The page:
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  • Or Not:The Place of Disputation in Scholarly Communication
  • David Henige (bio)

Let us have purer controversy, then, but more of it, for civilization's sake, on all highly contentious topics.1

It is difficult satisfactorily to carry on a discussion in which your opponent entirely ignores your arguments, while you have given the fullest attention to his.2


The body of 'knowledge' we call scholarship actually comprises several levels of epistemological soundness. The vast majority of it is never tested or challenged, even within the discipline in which it appears. Anthropologists make claims about societies and situations with which they are far more familiar than anyone else, and these are accepted faute de mieux by other anthropologists as prima facie plausible. Historians who consult particular archives and draw inferences from the data in them are generally taken at their word by those who have not consulted the same materials.3 Sociologists and political scientists make use of survey instruments about which they alone know the full details of content and context, application and interpretation.

The reasons for this easy acceptance are obvious enough. We seldom have the opportunity to test the evidence, or even the arguments that are put forth, and when we do, it generally is an onerous task with tenuous outcomes. After all, most of us are less resilient than the seventeenth-century French scholar Étienne Pasquier professed to be when he wrote a friend that 'I can tell [End Page 134] you that I am no less satisfied at being corrected in this matter than when I was highly praised . . .'4 Like replication in the hard sciences, as often as not testing is likely only to corroborate the work under scrutiny – an outcome quite pleasing to the original scholars but falling far short of that for the now endangered testers, for there are good reasons to fear reprisals. After all, if X chooses to test Y's work, then Y or Y's acolytes might well return the favour, and if Y is more senior, more famous, or more institutionally powerful than X, only long-term liabilities can be expected, whatever the outcome of the testing itself.

Another potent impediment to routine testing is the consensual view that the disciplines ought to be, or even are, cumulative and that the only legitimate efforts are those that focus on adding to the body of information rather than risking depleting it. This notion is always at play and often explicitly on view, featuring prominently, for instance, in the current debate over the historicity of the Hebrew Bible, wherein those supporting historicity are wont to criticize their opponents' arguments as resulting in, as one prominent combatant put in, 'an advance in ignorance.'5 A reviewer in a far distant field thought likewise: 'the result [of the reviewed book] seems somewhat negative: numerous views on different aspects of the problem are critically examined, and found wanting.'6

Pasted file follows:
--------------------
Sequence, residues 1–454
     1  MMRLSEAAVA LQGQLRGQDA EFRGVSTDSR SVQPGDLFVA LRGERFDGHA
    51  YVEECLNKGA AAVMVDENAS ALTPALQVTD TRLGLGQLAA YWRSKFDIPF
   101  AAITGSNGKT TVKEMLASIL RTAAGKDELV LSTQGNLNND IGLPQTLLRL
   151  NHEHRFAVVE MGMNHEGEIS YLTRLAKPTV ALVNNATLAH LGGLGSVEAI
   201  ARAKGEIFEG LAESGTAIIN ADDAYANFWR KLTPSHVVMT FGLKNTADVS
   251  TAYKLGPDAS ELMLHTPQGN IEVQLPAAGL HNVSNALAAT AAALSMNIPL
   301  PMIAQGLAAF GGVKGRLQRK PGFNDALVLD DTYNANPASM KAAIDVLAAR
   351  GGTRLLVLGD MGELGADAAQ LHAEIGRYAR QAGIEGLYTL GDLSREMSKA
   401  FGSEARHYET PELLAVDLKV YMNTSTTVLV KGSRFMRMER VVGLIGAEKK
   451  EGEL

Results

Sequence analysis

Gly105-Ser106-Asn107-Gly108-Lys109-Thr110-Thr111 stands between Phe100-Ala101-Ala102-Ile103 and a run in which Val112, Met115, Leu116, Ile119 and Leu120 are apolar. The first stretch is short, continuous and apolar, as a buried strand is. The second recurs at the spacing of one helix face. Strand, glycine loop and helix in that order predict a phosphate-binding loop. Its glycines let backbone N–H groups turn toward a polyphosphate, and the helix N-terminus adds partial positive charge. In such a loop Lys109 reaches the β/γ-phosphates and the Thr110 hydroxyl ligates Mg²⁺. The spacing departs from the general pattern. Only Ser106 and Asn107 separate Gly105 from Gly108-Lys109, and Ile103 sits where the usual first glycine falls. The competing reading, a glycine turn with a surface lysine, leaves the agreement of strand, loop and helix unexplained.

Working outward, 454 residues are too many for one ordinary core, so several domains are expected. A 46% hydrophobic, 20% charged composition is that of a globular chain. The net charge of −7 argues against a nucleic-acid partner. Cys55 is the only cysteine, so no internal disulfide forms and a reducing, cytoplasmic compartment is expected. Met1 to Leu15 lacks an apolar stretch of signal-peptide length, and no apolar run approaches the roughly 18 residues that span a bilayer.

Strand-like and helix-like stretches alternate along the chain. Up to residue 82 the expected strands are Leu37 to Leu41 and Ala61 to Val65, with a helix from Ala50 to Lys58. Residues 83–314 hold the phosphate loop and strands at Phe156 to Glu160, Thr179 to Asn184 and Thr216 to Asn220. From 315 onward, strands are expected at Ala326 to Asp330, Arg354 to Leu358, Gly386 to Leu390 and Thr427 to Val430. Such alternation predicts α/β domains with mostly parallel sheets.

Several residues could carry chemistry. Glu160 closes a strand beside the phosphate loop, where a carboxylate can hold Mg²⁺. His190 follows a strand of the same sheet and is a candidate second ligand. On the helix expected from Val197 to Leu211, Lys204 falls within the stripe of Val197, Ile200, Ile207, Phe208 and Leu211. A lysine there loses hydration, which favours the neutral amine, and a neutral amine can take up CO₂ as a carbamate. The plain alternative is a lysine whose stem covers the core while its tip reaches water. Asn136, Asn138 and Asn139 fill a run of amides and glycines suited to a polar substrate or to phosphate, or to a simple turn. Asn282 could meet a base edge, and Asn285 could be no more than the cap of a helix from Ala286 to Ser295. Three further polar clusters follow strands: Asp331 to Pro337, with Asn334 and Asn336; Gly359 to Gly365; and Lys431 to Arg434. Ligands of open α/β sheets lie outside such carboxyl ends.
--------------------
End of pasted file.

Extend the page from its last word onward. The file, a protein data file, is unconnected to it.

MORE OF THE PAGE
By this line of reasoning, any disagreements that might result in some current hypothesis' being put at risk are detrimental because they potentially involve taking some belief about some event off the table, without necessarily replacing it with some other event in which to believe, resulting in a vacuum and, worse yet, implying that yet other hypotheses may also be shop-worn. In short, whatever else they might be, they tend to be treated as virulent thin ends of thick wedges.


At the moment no field is more riddled with unalterable differences of opinion than biblical studies, in particular those that relate to the so-called historical books of the Old Testament. The discussions are long-standing, unceasing, and vituperative, and they appear over a [End Page 135] wide range of journals and edited works. In almost every case, however, specific arguments appear in a particular ensemble of journals, to the point where interested parties know where to look to find congenial – or uncongenial – arguments but seldom have the opportunity to find both in a single venue. In short, biblical scholars spend much of their time and effort preaching to the converted.

The question is, Is this cause or consequence? Is this pattern the result of authors' preferences or of learned...


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pp. 134-150
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